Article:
Categorized | Featured, National News

Mitchell Not Backing Down- Defends Immigration Officers

Immigration Minister Fred Mitchell is defending his immigration officers who detained and removed an American Atlantis employee from off the Paradise Island property because she allegedly was not authorised to work in The Bahamas.

The woman, who is a sea lion trainer at Dolphin Cay, was taken off the premises after she failed to produce documents that proved that she could live and work in the country.

Minister Mitchell, in a press statement, said the officers were only doing their jobs and despite his recent comments in the media, the action was not politically motivated.

“I said at the start of my term in this job that immigration does not consult me or need to consult me about enforcing the laws of The Bahamas,” he said.

“Immigration is a law enforcement agency. There are rules that apply. All non-national employees in The Bahamas must be the holders of work permits to be gainfully employed in The Bahamas and they ought to have it in their possession as evidence of the lawful right to be in The Bahamas. That is the law.”

“Where issues on particular matters arise, the Department is open and available to help resolve those issues.”
However, while the woman’s work permit had expired and the renewal denied back in December, Atlantis had filed an appeal, which during the process the woman is allowed to remain and work.

Since then, Senior VP of Public Affairs, Ed Fields said the employee has been released and reported to work yesterday.
Minister Mitchell also denied that he was being tight-lipped on the issue.

“To describe the minister as being tight-lipped on this issue as one publication did misstates the position. This minister follows the law and does so scrupulously,” he said.

“Notwithstanding the anxiety of the press for information and the entitlement generally of the public to know, a minister is not empowered to violate “willy nilly” private and confidential applications and communications between employers, employees and the government.”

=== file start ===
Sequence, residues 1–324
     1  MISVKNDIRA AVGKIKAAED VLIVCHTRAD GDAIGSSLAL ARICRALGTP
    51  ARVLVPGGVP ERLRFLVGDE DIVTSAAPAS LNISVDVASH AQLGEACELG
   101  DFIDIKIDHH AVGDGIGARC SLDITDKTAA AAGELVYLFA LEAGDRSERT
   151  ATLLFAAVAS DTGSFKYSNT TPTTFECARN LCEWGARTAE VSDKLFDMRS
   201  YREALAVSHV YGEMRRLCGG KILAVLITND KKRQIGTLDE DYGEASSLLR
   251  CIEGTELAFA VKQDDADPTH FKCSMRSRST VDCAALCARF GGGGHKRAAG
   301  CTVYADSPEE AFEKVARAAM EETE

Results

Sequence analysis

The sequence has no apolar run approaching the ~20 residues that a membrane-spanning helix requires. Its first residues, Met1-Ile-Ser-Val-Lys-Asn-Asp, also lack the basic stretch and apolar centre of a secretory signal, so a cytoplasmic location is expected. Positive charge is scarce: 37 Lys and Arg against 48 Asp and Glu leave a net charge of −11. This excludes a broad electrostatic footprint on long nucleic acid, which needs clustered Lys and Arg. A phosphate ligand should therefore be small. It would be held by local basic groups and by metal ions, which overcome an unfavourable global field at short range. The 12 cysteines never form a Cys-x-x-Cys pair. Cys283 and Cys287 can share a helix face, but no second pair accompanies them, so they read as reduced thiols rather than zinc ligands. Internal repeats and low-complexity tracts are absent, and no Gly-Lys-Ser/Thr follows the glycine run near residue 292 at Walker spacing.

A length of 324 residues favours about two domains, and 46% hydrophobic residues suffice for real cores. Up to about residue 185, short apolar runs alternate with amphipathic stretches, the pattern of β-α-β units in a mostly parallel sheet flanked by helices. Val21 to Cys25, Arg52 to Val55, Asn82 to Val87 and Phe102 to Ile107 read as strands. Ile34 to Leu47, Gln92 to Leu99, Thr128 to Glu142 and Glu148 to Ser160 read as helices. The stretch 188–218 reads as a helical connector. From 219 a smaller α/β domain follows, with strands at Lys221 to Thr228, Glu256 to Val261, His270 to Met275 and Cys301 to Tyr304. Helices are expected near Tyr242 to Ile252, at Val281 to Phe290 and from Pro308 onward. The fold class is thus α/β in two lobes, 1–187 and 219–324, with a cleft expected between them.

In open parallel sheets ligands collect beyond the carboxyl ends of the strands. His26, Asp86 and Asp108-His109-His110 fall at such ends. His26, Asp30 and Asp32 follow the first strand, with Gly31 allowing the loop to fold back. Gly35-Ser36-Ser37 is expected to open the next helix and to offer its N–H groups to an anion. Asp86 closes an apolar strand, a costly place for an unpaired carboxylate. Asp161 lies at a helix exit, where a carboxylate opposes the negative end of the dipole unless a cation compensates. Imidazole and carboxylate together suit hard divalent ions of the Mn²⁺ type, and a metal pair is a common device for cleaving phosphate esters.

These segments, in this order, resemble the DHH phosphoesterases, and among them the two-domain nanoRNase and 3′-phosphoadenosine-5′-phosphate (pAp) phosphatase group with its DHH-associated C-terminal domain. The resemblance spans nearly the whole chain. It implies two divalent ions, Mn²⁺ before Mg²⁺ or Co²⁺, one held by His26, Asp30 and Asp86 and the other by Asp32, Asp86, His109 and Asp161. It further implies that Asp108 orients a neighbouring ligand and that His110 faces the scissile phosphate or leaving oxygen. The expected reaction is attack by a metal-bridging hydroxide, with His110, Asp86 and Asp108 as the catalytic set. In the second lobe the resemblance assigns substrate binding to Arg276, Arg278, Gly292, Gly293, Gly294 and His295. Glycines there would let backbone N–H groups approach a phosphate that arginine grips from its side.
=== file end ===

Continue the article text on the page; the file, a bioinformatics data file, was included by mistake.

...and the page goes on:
The minister said it is regrettable that on occasions the execution of policy causes some confusion, which appears to have been the case at Atlantis on Tuesday.

Minister Mitchell has already announced proposed changes to the country’s immigration policy as it relates to work permits.
He said the detractors of the government’s work permit policy would be wise again to revert to rationality and not hysteria to deal with what is a reasonable and necessary policy to defend Bahamian jobs.

“I went to great pains previously to point out that this government and its policies are not capricious or arbitrary and all complaints and concerns are examined and addressed in what we believe is a judicious and timely fashion given the resources of the department,” he said.

Minister Mitchell has been pushing for a reduction in the amount of work permits companies allow. He also encouraged those companies to fill open positions with Bahamians.

Atlantis to date has about 75 employees on work permits, which only accounts for 1 per cent of the overall staff.

Written by Jones Bahamas

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